"True it is that it is the public policy of this state that all due safeguards against injustice, and all constitutional rights, should be preserved to persons accused of crime; and that a court, on habeas corpus, has the corresponding judicial responsibility of endeavoring to see to it that that policy is properly carried out. But it is equally true that it is the public policy of this state, and to the interest of its citizens, that those guilty of crime should not go unpunished; that there should not be undue litigation; and that where the state has provided for the person accused of crime, by means other than habeas corpus, all due and reasonable opportunities for him to obtain for himself the enforcement of the legal and constitutional rights to which he is entitled, he should not be permitted either to harass the state and its citizens by further repeated attempts by legal proceedings to litigate over again that which has been definitely determined against him, nor to endeavor to accomplish a fraud and imposition upon the state and its citizens under the guise of an effort to obtain the benefit of his legal and constitutional rights aforesaid after having had full and ample opportunity to obtain those benefits. As to this, also, the court, on habeas corpus, has a corresponding judicial responsibility."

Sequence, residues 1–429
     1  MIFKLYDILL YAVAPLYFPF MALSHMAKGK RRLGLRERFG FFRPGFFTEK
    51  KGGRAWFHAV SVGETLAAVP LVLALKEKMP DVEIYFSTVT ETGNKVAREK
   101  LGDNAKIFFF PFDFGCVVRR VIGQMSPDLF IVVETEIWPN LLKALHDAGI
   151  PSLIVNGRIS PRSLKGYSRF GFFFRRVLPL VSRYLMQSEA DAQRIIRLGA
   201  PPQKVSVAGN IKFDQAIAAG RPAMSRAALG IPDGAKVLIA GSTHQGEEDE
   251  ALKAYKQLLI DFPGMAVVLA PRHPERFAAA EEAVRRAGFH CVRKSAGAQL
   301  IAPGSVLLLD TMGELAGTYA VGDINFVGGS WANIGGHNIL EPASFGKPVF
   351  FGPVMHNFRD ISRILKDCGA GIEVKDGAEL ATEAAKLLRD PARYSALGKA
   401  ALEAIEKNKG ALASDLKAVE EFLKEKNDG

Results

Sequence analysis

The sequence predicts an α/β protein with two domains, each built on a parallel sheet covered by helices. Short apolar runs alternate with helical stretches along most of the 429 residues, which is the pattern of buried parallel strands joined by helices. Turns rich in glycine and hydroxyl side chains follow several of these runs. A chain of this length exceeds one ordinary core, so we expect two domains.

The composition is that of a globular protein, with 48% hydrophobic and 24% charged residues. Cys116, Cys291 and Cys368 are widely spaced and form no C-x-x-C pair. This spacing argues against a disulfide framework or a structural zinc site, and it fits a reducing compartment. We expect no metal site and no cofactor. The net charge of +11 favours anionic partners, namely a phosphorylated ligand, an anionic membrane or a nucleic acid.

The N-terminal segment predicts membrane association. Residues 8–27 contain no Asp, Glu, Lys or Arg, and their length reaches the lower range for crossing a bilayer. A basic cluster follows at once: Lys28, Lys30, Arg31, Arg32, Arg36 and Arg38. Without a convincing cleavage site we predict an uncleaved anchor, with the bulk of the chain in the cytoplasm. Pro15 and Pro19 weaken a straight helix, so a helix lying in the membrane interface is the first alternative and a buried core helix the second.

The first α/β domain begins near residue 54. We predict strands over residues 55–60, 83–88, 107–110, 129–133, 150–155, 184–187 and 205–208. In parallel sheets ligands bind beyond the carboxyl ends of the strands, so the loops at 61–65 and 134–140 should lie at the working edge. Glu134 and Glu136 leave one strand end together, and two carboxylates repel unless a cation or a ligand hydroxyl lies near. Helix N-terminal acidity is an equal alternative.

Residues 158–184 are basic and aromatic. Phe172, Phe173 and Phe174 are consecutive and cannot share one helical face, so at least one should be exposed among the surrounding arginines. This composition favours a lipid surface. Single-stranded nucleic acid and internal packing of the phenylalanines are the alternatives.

The writ of habeas corpus, while not a writ of course, is sometimes said to be a writ of right, when cause is shown for its issuance. In re Thompson, 85 N.J. Eq. 221 ( Ch. 1915); In re Gottsmann, 141 N.J. Eq. 271 ( E. A. 1948). If it be true that decision to issue the writ rests in the sound judicial discretion of the court, as a matter of fairness, justice and right, which is hardly open to question ( In re Thompson, supra), then the instant case is one in which the writ definitely should not have issued.
I adhere to the theory of the opinion of the former Court of Chancery expressed in the Tremper decision, 126 N.J. Eq. 276, supra, and, again for the protection of the rights of this petitioner, I record that on the ground last cited, as well as that questioning the sufficiency of the proofs under the indictment, I determine that the writ was improvidently issued, and should be quashed and discharged as though the writ had been denied on application therefor. On the grounds challenging the constitutionality of the Habitual Criminal Act, the writ may have properly issued (see In re Rose, supra) and in view of my determination that such statute is valid, I deny release on habeas corpus, discharging the writ after hearing on the merits.
"The courts in habeas corpus proceedings are not bound by any hard and fast rules of procedure or of pleading, and oft-times issue the writ (where there seems on preliminary inspection of the petition a reasonable likelihood that petitioner is entitled to the writ) leaving until consideration of the whole case, the actual determination of the question as to whether petitioner was entitled to have the writ issue." In re Tremper, 126 N.J. Eq. 276 , at p. 293, supra.
The writ is, therefore, discharged and the petitioner remanded to custody.